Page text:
Argentina legend Diego Maradona could be set for a sensational return to football after claiming he has been offered the role of national coach.
The 1986 World Cup-winning skipper held talks with the Argentina Football Association (AFA) on Tuesday and is set to continue discussions on Wednesday.
The 47-year-old said: "The offer attracted me a lot. As soon as it is confirmed I will start working."
Maradona has had only two brief spells as a coach in Argentina.
If Maradona does take over he will succeed Alfio Basile, who resigned earlier this month after a World Cup qualifying defeat to Chile.
He was quoted as saying: "The idea is to start working immediately after the official announcement with the players who are in Argentina and then take the first plane to talk to the ones in Europe."
BBC Sport's South American football reporter Tim Vickery said: "This is all coming from Maradona.
"There is no official word from the AFA yet so it's still early days. But the tide seems to be blowing in his direction.
"He's a religious icon over in Argentina and is a very dangerous force to leave out."
Widely regarded as one of the best players in the history of the sport, Maradona is an iconic figure in Argentina after a remarkable 21-year playing career in which he hit new heights of brilliance on the field and plumbed depths of despair away from the action.
After making his professional debut as a 16-year-old for Argentinos Juniors, he went on to play for his beloved Boca Juniors before spells in Europe with Barcelona, Napoli and Sevilla.
Maradona's unique skills with the ball at his feet made him a superstar, and he is idolised by Napoli fans for almost single-handedly winning the Serie A title and the Uefa Cup for the unfashionable club.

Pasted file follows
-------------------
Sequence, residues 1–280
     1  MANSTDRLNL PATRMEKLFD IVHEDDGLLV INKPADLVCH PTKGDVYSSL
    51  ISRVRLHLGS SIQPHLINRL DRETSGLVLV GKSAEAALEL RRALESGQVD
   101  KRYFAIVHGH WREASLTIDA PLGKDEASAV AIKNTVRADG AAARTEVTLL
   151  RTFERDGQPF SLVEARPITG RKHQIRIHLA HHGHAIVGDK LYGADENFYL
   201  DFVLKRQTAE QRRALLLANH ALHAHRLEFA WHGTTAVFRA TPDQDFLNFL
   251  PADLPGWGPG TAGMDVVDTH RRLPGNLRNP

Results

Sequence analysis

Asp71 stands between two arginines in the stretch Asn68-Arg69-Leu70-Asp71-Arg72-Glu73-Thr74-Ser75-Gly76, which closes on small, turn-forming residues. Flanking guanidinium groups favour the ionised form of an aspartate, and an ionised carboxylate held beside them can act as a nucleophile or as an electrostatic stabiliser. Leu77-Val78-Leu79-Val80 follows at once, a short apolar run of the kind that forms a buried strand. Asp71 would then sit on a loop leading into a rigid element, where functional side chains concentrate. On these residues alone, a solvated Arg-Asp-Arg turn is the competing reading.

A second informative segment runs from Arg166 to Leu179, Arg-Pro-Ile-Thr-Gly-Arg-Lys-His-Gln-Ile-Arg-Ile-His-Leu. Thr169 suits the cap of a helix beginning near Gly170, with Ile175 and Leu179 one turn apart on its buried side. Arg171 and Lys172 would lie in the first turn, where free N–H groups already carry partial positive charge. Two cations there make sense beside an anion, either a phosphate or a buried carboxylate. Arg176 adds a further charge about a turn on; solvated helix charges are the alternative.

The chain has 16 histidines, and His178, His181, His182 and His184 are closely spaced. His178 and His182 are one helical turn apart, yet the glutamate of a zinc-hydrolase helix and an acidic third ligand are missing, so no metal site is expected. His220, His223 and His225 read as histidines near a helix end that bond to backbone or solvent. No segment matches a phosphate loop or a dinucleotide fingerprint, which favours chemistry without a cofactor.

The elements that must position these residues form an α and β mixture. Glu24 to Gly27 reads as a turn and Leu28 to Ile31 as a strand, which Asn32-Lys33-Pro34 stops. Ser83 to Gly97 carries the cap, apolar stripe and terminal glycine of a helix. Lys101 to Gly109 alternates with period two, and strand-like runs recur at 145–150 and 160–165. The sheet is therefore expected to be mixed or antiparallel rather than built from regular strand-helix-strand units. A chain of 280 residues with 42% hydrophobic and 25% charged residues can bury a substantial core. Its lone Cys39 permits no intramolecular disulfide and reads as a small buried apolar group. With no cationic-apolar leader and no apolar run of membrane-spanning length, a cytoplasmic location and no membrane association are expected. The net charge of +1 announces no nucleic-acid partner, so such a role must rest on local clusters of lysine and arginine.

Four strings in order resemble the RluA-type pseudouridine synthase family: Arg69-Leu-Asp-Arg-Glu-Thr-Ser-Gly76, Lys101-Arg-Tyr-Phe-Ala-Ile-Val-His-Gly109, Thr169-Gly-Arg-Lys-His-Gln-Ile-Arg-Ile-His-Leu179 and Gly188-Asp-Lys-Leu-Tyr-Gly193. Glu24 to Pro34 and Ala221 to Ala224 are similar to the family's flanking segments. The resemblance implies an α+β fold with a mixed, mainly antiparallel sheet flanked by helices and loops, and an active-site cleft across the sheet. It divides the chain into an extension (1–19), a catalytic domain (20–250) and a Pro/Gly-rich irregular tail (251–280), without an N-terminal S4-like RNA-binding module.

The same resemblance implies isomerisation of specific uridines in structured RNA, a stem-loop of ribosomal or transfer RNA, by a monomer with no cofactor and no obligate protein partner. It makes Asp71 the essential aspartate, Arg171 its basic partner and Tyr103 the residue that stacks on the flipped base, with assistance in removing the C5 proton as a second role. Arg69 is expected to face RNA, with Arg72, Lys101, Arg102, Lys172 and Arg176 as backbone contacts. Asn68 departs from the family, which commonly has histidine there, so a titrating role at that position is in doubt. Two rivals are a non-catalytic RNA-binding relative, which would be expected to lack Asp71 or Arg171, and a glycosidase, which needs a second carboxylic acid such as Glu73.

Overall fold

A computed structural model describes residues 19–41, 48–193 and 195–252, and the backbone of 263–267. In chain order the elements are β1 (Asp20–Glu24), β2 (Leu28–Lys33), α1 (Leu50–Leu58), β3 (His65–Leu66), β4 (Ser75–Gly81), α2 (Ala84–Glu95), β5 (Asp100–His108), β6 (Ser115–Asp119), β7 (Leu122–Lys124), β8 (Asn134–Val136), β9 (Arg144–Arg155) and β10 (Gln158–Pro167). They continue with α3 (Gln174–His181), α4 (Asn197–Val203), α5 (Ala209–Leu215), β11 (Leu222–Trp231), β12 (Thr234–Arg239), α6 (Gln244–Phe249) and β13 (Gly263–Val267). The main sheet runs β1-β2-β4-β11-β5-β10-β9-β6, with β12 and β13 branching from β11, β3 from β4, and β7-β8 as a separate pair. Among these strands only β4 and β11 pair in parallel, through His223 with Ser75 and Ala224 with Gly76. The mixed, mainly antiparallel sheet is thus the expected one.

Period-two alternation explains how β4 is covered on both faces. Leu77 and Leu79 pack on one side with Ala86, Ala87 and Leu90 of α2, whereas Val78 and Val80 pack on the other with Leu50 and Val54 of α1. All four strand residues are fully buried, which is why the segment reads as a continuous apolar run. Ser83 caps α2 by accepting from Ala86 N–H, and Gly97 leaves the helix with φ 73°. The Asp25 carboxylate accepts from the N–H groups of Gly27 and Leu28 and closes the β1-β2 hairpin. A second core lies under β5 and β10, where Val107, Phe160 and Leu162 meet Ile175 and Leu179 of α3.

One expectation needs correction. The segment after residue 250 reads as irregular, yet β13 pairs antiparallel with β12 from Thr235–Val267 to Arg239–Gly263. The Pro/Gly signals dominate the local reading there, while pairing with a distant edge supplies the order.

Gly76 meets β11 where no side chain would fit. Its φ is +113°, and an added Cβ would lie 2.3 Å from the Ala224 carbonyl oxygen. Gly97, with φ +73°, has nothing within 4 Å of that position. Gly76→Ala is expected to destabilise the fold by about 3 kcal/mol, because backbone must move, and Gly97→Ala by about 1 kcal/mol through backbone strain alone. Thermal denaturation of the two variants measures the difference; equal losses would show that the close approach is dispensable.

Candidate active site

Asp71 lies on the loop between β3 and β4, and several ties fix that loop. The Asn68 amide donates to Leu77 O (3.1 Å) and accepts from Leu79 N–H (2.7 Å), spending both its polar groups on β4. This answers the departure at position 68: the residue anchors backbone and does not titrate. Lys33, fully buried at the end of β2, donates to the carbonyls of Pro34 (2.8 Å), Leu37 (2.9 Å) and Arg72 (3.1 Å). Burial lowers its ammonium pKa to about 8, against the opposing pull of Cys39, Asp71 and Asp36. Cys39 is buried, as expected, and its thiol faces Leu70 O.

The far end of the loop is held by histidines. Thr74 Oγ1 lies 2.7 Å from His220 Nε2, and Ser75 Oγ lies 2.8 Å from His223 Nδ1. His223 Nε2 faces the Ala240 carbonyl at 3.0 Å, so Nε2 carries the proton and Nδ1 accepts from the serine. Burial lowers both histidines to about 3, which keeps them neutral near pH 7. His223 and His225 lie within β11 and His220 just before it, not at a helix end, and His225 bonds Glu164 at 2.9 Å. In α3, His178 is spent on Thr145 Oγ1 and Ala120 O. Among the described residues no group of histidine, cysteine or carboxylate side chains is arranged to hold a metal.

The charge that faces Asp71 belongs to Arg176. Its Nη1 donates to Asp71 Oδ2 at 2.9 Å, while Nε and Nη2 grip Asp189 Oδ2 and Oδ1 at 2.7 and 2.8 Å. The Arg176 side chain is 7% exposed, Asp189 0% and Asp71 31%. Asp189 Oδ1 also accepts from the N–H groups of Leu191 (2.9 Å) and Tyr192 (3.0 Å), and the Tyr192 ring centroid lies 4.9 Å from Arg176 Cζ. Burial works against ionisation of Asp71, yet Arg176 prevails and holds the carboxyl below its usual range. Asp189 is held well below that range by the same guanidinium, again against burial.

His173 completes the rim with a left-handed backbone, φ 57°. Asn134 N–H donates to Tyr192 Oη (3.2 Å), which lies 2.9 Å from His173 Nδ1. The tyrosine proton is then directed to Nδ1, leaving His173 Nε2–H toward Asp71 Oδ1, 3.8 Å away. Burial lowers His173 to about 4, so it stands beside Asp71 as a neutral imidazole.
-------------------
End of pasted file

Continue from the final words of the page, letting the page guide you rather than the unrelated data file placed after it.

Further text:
But his most memorable achievements came with the national side - the 1986 World Cup tournament becoming synonymous with his name.
Maradona captained Argentina to a famous triumph, playing every minute of the tournament and scoring five goals, including two against England in the quarter-final which will live forever in football folklore.
His first goal of the 2-1 win came courtesy of an outrageous handball which he later described as "the hand of God"; but the second is said by many to be the best goal ever scored as he danced past five England players before poking the ball past Peter Shilton.
But Maradona's life away from football has been anything but straightforward, with a long-running addiction to cocaine undermining his genius.
The second failed drugs of his career saw him sent home from the 1994 World Cup in disgrace, and since retiring at the age of 37, Maradona has suffered numerous health problems.
Battles with his drug addiction, alcoholism and obesity saw him suffer a heart attack in 2004 which put him in intensive care, while a later stomach-stapling operation saw him lose 30kg (66 lbs) of excess weight.
Maradona is a virtual novice in coaching terms, with just short spells with Argentine clubs Deportivo Mandiyu and Racing Club in the 1990s on his CV.
But with his health largely restored, Maradona now looks set to take the reins as coach of the national team.
Carlos Bilardo, who coached the winning side in 1986, was involved in the talks with AFA president Julio Grondona and is likely to be part of Maradona's coaching set-up.
Pedro Troglio, who coaches Paraguayan club Cerro Porteno, has also been linked with a role.
Noray Nakis, the president of the AFA selection commission, has already stated his wish, saying: "I'd like Maradona to be the next coach."
Maradona was thought to be on a shortlist with former Boca Juniors coach Carlos Bianchi, San Lorenzo coach Miguel Angel Russo and Sergio Batista, who took the Under-23 squad to Olympic gold in Beijing in August.